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Lessons to learn from Pakistan’s World Cup journey

Sarfaraz and co must improve in key areas

SAMAA | - Posted: Jul 12, 2019 | Last Updated: 2 years ago
Posted: Jul 12, 2019 | Last Updated: 2 years ago
Lessons to learn from Pakistan’s World Cup journey

Photo: AFP

Pakistan’s topsy-turvy journey in the 2019 Cricket World Cup came to an end after they were sent packing on net run-rate. The Men in Green started slowly but ended on a high as they claimed four wins on the trot to finish on 11 points and five wins.

Sarfaraz Ahmed and his men learned the hard way that no match can be taken for granted, especially when the group stage is played in a league format.

The Men in Green had a nightmare start to the World Cup as they slumped to an embarrassing defeat at the hands of West Indies. The emphatic loss meant Pakistan were playing catch-up in terms of net run-rate for the rest of the tournament.

No major cricket tournament is complete without Pakistan completely disregarding the script and the Men in Green managed to defeat hosts and then number one side England.

The all-important momentum that the side needed evaded them though as the clash against Sri Lanka was rained out, leaving Pakistan with just one point from a  game that they would realistically have expected to win.

The washed out game was followed by back-to-back defeats to Australia and India, which meant Pakistan were staring at the brink only half way through the group stages.

It was only then, with hope almost lost, that Pakistan clicked into gear. Out went Shoaib Malik and in came Haris Sohail, further reinforcing a brittle middle-order while Shaheen Shah Afridi stepped up to be counted and support the excellent Mohammad Amir.

Wins against New Zealand, South Africa and Afghanistan kept Pakistan in contention but the top four was all but decided by the time the clash against Bangladesh came around. The win was enough to take Pakistan into fifth and level on points with New Zealand but that defeat against West Indies haunted Sarfaraz and co till the very end.

As is often the case when teams finish this agonisingly close, Pakistan’s World Cup campaign has a whole host of ifs and buts attached to it. If Pakistan had not lost in such humiliating fashion in the first game, if rain hadn’t washed out one of the easier games for them, if India had defeated England, if Carlos Brathwaite had cleared the boundary one more time against New Zealand, if South Africa had reviewed after Kane Williamson had edged it, if India had reviewed after Jason Roy had edged it, if Bangladesh and South Africa been more clinical against New Zealand. But none of that actually happened and the Pakistan cricket team has made the journey back home despite being arguably the standout side in the latter stages of the tournament.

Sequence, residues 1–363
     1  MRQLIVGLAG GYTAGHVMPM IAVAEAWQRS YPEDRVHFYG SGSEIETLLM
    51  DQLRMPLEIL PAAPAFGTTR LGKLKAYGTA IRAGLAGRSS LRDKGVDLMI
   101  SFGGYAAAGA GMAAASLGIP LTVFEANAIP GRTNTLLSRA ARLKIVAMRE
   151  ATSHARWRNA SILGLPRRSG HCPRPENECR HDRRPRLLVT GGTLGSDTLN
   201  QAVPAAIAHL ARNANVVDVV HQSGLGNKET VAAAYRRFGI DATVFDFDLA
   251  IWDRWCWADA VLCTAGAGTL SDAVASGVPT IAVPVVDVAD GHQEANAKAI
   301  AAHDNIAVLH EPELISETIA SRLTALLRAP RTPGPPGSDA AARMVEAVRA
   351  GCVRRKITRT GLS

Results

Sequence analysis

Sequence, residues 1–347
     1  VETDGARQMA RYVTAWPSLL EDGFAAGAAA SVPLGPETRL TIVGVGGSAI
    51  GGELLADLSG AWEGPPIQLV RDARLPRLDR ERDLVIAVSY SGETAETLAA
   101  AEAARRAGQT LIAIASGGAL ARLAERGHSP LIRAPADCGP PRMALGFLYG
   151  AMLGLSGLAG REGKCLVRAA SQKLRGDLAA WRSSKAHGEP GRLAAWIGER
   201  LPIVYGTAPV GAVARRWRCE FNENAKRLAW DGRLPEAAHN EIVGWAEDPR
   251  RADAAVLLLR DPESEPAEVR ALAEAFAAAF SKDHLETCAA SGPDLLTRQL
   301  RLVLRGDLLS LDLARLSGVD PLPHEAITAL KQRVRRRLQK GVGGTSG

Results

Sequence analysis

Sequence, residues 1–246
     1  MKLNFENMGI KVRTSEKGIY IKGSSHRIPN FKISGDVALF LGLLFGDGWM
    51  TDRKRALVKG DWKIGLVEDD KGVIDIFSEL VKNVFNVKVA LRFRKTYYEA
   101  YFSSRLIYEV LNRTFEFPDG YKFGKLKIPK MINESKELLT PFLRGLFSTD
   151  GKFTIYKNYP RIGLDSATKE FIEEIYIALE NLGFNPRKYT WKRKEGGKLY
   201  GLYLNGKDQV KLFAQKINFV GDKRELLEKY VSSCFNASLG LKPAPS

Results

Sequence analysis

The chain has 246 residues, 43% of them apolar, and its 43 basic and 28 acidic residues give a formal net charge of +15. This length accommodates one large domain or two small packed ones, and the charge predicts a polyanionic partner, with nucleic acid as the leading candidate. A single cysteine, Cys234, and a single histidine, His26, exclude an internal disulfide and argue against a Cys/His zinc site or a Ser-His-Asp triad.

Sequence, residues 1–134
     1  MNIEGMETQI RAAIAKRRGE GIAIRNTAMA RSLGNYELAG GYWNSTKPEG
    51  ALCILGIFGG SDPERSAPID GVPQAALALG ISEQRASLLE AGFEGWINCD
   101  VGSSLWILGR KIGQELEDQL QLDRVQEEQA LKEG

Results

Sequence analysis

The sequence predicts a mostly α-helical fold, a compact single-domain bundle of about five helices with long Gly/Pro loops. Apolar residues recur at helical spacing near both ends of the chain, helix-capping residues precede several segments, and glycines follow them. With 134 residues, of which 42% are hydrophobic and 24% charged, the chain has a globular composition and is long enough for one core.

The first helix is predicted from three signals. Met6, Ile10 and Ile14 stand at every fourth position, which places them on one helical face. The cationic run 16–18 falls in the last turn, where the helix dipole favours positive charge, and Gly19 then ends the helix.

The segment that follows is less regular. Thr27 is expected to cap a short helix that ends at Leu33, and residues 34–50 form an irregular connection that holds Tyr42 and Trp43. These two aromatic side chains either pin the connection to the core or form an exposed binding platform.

However, as Imad Wasim said, just blaming luck is wrong and Pakistan have no one but themselves to blame for putting themselves in a situation where they needed to rely on others to get them through to the semis.

The selection committee, headed by Inzamam-ul-Haq, proved to be out of its depth. Mohammad Amir, who finished as the side’s highest wicket-taker with 17 wickets, was not even included in the preliminary squad as the selectors felt he was no longer capable of picking up wickets.

Shaheen Shah Afridi’s 16 wickets and record-breaking performances meant there was never any need for fellow teenage pacer Mohammad Hasnain, who spent the entire World Cup on the sidelines. Hasnain was picked ahead of Usman Shinwari, who had a better average and strike-rate than any bowler in the Pakistan side as well as the second best economy behind Amir.

Inzamam’s decision to include Shoaib Malik despite his long-documented struggles in England meant Pakistan had precious few options in the middle of the innings, especially considering the poor form of Asif Ali.

Openers Fakhar Zaman and Imam-ul-Haq had a torrid time in England, meaning Pakistan not only lost wickets early on but were also incredibly slow out of the blocks.

Mohammad Hafeez, meanwhile, continued to excite and frustrate in equal measure as he played some glorious shots before throwing away his wicket on deliveries that didn’t deserve wickets.

Babar Azam is undoubtedly Pakistan’s star turn with the bat and the right-hander scored a record 474 runs at an average of 67.71, beating Javed Miandad’s tally of 437 to register the highest score by a Pakistani batsman at a World Cup.

If the players punched above their weights and were let down by the management, then they were let down even more by fans and the media who turned on the players. The unsavoury personal attacks that the players were subjected to, especially after the defeat to India, will hopefully never be repeated again.

The World Cup exposed several flaws that the side must now work on addressing, especially the slow and defensive approach that dragged the side back.However, painting this campaign as a complete failure is unfair, considering how the players bounced back from the brink to almost qualify for the semis.Onwards and upwards from here hopefully.

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